Afghan and Coalition forces launch a multi-brigade operation in Paktika, Khost, Ghazni, Paktia and Logar provinces.
Afghan and Coalition forces have gone on the offensive in the southeastern provinces of Paktika, Khost, Ghazni, Paktya and Logar provinces. Over seven thousand troops are involved in Operation Mountain Fury, including a sizable contingent of Afghan security forces. “Approximately 4,000 Afghan National Army, Afghan National Police and Afghan National Border Police, along with approximately 3,000 U.S. Coalition forces in support, are conducting Mountain Fury in east-central Afghanistan,” according to the Combined Forces Command – Afghanistan press release.
Tim Lynch, an owner of Vigilant Strategic Services Afghanistan, a security contracting firm in Afghanistan, sniffed out the beginnings of operation. On September 8th we reported:
There are ANP [police] and ANA [army] checkpoints in every town from Kandahar to Kabul. Remember the bad spot Sharjoy?  There is a fort there now and the whole area has cooled off considerably [note: this was an area considered a “red zone” while I was in country late last spring. Tim and I drove past burnt out police checkpoints in this region in June.] During our run down Wednesday and back up Friday [from Kabul to Kandahar and back] we saw between 10 to 15 military convoys heading south each day. They were mostly ANA in pickups with heavy weapons but we also saw large American and Romanian columns too. KAF [Kandahar Airfield] is a ghost town… The Canadians are doing most of the heavy lifting and they are doing a superb job.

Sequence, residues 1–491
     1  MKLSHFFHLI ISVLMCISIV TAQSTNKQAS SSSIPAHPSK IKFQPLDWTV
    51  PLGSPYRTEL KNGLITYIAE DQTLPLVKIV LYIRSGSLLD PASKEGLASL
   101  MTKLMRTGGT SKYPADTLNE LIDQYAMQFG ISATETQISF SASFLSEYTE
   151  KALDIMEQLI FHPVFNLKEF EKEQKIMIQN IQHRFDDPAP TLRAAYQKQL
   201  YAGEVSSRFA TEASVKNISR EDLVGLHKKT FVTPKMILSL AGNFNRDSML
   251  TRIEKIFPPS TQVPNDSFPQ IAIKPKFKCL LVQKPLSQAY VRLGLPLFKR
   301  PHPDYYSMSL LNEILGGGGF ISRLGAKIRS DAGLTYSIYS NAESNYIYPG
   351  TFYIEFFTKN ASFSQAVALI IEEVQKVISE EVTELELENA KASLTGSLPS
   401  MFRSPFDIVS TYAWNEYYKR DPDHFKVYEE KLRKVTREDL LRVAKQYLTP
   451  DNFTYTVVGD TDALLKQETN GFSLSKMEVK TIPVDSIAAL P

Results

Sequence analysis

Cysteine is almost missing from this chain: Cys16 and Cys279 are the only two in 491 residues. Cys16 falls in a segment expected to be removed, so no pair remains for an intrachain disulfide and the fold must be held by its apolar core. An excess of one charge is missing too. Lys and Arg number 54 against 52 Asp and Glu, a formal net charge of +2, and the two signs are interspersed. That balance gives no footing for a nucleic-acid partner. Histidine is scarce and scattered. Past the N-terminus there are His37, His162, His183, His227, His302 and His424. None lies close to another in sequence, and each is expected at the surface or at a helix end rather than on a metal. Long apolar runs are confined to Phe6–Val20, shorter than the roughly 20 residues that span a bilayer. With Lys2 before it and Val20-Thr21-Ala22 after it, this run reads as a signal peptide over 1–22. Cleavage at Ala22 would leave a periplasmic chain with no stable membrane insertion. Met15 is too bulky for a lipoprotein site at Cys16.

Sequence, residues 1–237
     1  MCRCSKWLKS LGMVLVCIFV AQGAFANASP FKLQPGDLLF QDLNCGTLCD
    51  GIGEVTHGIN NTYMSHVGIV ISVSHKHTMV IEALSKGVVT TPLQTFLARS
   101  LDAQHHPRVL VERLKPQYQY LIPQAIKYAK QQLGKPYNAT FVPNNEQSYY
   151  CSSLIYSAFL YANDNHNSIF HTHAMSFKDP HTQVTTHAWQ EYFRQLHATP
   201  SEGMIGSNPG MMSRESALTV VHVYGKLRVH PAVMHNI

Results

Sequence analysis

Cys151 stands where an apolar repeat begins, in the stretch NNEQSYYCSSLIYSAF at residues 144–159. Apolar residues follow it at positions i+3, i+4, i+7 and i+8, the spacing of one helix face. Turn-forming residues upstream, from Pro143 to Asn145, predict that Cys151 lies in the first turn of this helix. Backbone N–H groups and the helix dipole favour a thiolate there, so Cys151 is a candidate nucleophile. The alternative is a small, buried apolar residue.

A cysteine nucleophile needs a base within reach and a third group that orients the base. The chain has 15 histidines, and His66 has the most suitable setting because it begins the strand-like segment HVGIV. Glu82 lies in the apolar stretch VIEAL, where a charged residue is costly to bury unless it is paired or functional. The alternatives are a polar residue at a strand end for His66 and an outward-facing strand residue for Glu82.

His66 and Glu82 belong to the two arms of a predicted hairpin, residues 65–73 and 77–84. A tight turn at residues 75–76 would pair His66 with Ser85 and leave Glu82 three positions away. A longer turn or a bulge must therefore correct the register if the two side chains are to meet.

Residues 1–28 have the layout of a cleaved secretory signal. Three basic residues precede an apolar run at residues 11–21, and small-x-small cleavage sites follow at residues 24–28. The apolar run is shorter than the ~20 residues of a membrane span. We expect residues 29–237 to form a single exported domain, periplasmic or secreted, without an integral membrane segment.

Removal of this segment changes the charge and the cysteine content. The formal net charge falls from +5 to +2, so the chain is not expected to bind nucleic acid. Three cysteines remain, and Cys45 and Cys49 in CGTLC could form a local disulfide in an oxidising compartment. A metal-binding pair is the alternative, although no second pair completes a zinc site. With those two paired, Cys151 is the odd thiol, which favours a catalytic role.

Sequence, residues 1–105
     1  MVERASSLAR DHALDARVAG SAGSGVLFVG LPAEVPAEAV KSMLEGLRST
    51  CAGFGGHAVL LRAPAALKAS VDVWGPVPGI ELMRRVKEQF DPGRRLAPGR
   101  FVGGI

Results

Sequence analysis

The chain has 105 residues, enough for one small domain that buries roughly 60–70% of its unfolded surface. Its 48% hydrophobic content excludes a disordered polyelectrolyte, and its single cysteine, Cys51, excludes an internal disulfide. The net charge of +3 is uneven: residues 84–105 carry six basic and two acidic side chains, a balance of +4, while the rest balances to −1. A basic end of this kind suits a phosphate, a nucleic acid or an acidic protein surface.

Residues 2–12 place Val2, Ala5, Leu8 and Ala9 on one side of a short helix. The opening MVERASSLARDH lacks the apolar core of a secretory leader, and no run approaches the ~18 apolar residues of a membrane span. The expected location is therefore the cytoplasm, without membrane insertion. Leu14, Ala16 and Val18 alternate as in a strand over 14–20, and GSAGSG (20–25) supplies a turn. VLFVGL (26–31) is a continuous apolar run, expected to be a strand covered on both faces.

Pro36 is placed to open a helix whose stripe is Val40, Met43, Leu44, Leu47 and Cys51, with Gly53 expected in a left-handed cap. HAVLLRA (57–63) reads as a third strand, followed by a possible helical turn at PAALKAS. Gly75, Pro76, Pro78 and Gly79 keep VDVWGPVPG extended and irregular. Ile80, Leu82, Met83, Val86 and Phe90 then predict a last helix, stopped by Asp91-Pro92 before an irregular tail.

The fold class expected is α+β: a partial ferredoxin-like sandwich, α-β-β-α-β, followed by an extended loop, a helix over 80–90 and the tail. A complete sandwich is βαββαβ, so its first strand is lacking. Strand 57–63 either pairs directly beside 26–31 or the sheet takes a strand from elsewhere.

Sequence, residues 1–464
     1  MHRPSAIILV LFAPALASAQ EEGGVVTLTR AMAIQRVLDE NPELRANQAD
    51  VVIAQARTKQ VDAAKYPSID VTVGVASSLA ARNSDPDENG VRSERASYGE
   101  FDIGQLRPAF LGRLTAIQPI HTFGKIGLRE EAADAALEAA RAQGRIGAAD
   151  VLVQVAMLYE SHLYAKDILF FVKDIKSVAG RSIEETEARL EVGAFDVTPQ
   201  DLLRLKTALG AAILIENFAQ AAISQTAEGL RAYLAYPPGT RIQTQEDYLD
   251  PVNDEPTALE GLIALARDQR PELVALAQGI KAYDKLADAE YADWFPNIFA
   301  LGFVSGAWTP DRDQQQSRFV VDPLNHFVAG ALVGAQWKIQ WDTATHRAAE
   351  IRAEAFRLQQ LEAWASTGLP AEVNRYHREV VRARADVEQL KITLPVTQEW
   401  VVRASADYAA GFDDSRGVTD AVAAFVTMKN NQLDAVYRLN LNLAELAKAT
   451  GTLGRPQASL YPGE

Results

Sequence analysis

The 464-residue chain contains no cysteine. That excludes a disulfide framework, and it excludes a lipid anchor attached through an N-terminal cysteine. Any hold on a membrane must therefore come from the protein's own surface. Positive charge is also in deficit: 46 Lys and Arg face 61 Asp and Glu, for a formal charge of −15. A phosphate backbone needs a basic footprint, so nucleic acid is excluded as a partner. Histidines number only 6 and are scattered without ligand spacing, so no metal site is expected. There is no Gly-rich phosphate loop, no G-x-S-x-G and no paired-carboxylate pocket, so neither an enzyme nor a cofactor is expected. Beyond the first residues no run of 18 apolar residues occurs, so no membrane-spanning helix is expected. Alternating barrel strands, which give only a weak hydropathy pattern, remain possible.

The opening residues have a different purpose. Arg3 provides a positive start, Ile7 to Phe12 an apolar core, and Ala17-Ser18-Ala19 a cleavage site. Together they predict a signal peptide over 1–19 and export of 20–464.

Operation Mountain Fury occurs in conjunction with ongoing Operation Medusa* in Kandahar’s Taliban infested Panjwai district and a lesser publicized Big North Wind in the Korangal Valley in Kunar. Canadian and Coalition forces have killed over 520 Taliban in Panjwai. The unpublicized Australian led Operation Perth in Helmand province led to 150 Taliban deaths.
But the Afghan and Coalition efforts may merely be a holding action. Attempts to stabilize the provinces on the Pakistani border has been a difficult task as Taliban and al Qaeda have used Pakistan’s Baluchistan and North West Frontier Provinces as bases of operations. With the establishment of the Islamic Emirate of Waziristan and the withdraw of Pakistani government forces from the area, al Qaeda and the Taliban now have full control over Waziristan. The agency is now a safe haven for Taliban to train their forces and sortie into Afghanistan. Pakistan has released over 2,500 Taliban and al Qaeda prisoners, who are now heading into Waziristan. The fighting in Afghanistan will only intensify.
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